1916 Easter Rising: Photographs of aftermath published online
Photographs showing a bird's eye view of the destruction caused to Dublin city centre during the 1916 Easter Rising have been published online.
The pictures were taken three weeks after the rebellion against British rule was quashed by troops.
They are the work of the Limerick-born scholar, Thomas Johnson Westropp.
He climbed onto the 121ft high Dublin landmark, Nelson's Pillar, and onto the roofs of surviving buildings to capture aerial images of the bomb damage.
Much of the Irish capital's inner city was reduced to rubble during Easter week 1916, as British troops bombed key buildings from where rebels had launched attacks.
Westropp went to great lengths and even greater heights to document the destruction of the city centre, and to ensure his record was preserved for future reference.
He took the photographs on 17 and 18 May 1916 and quickly archived 40 images in an album called 'Ruined buildings in Dublin after the Sinn Féin rebellion'.
The following month, he presented copies of the album to the Royal Irish Academy (RIA) and Trinity College, Dublin.
His 99-year-old photographs have now been published online by the Digital Repository of Ireland , an internet project led by the RIA.
RIA librarian Siobhan Fitzpatrick paid tribute to Westropp's "archival commitment".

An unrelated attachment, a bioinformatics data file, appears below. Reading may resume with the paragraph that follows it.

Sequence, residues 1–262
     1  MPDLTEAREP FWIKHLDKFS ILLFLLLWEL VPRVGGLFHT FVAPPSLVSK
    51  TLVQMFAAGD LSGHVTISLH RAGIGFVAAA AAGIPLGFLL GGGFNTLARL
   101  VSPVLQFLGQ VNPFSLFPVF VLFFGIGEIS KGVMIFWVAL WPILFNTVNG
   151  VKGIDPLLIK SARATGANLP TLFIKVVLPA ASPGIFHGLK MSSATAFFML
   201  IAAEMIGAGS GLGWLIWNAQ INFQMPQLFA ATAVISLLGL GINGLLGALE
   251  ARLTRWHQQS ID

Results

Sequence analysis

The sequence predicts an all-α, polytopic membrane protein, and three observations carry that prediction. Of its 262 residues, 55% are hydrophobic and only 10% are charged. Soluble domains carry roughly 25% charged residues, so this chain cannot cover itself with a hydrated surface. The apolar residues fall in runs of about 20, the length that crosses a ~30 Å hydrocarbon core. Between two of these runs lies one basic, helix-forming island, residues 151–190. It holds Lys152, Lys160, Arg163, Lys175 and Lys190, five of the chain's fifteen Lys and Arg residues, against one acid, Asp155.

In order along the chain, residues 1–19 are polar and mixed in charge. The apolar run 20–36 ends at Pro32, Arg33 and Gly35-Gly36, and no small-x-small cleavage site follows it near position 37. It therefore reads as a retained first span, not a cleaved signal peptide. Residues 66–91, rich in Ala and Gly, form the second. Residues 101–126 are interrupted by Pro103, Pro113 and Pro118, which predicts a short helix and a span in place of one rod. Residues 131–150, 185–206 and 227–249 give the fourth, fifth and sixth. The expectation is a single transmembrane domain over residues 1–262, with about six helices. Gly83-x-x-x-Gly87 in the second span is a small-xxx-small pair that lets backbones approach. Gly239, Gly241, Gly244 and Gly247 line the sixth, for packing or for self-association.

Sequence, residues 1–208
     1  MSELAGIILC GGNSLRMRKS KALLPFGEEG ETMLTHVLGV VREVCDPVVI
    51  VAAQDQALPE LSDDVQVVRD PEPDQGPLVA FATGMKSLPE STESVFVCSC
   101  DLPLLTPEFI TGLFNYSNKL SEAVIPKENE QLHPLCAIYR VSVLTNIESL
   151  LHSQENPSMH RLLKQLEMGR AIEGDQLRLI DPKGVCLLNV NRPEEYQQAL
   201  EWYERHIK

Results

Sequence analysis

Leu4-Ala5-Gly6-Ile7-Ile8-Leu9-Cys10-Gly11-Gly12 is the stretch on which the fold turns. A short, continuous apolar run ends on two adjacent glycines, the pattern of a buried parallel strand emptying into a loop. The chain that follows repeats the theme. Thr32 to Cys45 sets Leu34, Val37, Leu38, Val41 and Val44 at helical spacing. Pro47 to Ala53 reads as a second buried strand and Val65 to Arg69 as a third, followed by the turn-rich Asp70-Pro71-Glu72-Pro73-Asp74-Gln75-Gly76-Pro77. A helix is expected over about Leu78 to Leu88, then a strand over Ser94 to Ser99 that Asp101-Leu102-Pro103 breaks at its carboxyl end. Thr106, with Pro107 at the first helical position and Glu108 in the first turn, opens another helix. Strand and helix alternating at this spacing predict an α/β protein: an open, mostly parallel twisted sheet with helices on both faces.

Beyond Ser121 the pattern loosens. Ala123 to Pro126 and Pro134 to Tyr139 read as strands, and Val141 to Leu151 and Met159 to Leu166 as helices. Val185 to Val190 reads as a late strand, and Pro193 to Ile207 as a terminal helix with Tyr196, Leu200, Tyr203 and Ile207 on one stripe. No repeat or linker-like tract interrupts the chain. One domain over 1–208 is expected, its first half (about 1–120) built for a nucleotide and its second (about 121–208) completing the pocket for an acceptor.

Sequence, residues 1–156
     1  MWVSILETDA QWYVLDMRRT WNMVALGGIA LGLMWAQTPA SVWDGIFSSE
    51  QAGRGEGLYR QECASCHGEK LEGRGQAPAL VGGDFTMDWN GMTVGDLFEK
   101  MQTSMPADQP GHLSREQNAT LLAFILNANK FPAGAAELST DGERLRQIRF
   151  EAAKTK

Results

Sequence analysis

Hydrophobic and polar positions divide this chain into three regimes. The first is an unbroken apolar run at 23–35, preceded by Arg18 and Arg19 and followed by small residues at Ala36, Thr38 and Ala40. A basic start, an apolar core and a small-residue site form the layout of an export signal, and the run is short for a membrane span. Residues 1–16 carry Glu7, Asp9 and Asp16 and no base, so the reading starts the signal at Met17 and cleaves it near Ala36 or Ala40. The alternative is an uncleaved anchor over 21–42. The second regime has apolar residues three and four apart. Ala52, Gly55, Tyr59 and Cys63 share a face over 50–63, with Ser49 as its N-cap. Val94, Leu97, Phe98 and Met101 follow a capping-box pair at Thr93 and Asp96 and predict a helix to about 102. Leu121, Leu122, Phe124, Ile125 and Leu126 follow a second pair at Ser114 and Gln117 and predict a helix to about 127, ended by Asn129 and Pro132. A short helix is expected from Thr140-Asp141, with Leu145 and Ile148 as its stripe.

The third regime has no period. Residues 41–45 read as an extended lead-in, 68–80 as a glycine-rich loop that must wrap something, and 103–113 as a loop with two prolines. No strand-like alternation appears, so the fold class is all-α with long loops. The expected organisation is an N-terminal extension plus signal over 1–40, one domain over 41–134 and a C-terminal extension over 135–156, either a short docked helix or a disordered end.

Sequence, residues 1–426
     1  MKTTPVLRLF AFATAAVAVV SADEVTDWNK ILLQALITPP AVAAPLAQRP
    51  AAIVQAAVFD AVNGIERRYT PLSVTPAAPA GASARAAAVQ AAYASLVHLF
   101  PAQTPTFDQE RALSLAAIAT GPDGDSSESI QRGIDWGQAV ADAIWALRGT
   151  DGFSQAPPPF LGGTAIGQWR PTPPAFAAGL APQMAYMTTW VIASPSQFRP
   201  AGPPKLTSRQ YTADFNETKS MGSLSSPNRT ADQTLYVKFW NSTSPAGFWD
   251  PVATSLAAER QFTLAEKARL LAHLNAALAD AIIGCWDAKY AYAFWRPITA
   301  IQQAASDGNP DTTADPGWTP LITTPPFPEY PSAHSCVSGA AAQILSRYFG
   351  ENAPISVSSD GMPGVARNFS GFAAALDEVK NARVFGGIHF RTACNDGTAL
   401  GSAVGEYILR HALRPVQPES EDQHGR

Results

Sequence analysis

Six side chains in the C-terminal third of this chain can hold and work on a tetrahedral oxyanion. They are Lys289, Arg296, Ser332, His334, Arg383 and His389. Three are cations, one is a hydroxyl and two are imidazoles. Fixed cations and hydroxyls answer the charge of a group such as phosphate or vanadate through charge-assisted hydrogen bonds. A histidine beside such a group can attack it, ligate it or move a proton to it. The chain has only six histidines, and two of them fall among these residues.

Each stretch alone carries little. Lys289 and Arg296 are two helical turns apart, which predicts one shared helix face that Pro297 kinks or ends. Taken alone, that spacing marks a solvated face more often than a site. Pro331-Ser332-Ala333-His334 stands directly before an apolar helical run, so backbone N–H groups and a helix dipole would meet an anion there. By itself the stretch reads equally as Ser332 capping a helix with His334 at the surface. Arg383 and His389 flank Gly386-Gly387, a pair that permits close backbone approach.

"The fact that he had the images developed, printed and mounted in an album within a week conveys a certain sense of urgency and the fact that he deposited the album with the academy for safe keeping shows his strong archival sense and the importance he placed on preserving the record," she said.
Westropp, who was in his mid 50s at the time, had studied civil engineering at Trinity College before taking a job as a surveyor.
Dr Sharon Webb from the Digital Repository of Ireland said Westropp's approach to documenting the destruction is "representative of his training and of the accuracy and care with which he approached his work".
"When we look beyond the buildings, the rubble, the dust, we get a sense of what it might have been like to stand amongst the chaotic aftermath: photos in the collection depict the clean-up operation, the onlookers, the workers, the British soldiers standing guard, and life getting back to 'normal' as people walk past the ruins," Dr Webb wrote in her blog.
The repository is an online resource dedicated to preserving and disseminating data relating to the island's social and cultural heritage.